There were mountains; there were valleys; there were streams. She climbed the mountains; roamed the valleys; sat on the banks of streams. She likened the hills to ramparts, to the breasts of doves, and the flanks of kine. She compared the flowers to enamel and the turf to Turkey rugs worn thin. The trees were withered hags, and sheep were grey boulders. Everything, in fact, was something else. She found the tarn on the mountain-top and almost threw herself in to seek the wisdom she thought lay hid there; and when, from the mountain-top, she beheld far off, across the Sea of Marmara the plains of Greece, and made out (her eyes were admirable) the Acropolis with a white streak or two which must, she thought, be the Parthenon, her soul expanded with her eyeballs, and she prayed she might share the majesty of the hills, know the serenity of the plains, etc. etc., as all such believers do.” (Woolf 1928/2007, 468)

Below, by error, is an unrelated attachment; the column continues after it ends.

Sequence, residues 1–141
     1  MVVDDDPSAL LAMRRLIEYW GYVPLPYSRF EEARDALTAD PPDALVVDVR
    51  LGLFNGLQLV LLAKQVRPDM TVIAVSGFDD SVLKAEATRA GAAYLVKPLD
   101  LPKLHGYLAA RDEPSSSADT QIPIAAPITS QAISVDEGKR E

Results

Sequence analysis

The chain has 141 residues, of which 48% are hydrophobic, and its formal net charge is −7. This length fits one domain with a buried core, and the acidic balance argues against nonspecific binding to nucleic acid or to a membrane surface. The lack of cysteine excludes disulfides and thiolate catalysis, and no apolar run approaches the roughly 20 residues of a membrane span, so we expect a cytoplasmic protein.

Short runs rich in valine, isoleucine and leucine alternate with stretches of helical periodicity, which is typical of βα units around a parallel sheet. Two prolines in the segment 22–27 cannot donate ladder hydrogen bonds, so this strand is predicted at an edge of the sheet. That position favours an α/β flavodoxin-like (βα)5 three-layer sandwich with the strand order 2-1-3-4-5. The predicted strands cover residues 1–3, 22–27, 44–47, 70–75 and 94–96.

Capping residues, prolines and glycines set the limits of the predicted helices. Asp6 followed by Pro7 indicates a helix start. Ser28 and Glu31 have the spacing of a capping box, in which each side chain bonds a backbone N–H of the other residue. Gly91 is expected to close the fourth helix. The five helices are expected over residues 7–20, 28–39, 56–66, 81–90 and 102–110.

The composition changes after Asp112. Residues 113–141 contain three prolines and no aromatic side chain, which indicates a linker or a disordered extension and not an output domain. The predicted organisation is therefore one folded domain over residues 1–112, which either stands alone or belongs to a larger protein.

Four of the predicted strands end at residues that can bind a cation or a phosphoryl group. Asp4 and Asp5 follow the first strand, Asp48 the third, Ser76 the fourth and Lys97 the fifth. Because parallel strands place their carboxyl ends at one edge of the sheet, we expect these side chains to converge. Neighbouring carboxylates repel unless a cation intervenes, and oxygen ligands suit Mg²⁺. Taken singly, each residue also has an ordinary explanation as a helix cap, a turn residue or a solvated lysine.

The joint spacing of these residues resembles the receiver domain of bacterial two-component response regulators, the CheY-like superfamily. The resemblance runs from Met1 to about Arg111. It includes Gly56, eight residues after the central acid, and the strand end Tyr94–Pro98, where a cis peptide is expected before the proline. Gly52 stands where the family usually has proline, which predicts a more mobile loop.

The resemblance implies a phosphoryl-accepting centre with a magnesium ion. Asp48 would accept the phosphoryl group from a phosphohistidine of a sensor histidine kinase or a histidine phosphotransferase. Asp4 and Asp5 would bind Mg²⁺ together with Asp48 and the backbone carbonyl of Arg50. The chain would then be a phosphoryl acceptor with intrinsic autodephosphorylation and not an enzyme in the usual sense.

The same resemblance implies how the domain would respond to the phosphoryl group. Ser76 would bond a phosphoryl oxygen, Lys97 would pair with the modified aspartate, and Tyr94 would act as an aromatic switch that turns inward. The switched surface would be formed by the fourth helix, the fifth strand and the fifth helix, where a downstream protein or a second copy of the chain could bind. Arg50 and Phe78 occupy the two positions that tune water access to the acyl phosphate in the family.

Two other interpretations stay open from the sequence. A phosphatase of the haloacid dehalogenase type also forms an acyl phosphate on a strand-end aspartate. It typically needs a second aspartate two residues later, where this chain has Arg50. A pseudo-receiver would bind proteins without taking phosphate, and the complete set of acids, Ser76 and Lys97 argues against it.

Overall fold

Here again, Woolf enlists potent haptic and motor imagery to sustain a highly sensate voyage: a metaphorical passage, at once physical and spiritual, that requires one to climb, roam, sit and seek, at the risk of throwing one’s self in, so as to behold at last, and feel one’s soul and one’s eyeballs swell, in prayer for sharing, knowing and believing. In this passage, Orlando’s inner and outer metamorphosis is mirrored by the fact that everything is something else, and that something can be grasped to the touch: solid rugged ramparts, soft belly feathers and silky cow hide; jagged petal tooth enamel and threadbare Turkey rugs; craggy branches and cold hefty boulders. Until, in the end, the rapid-fire succession of haptic and motor imagery gives way to a clear visual image: Acropolis as a white streak or two in the far-off distance—a revelation born out of a transformative experience.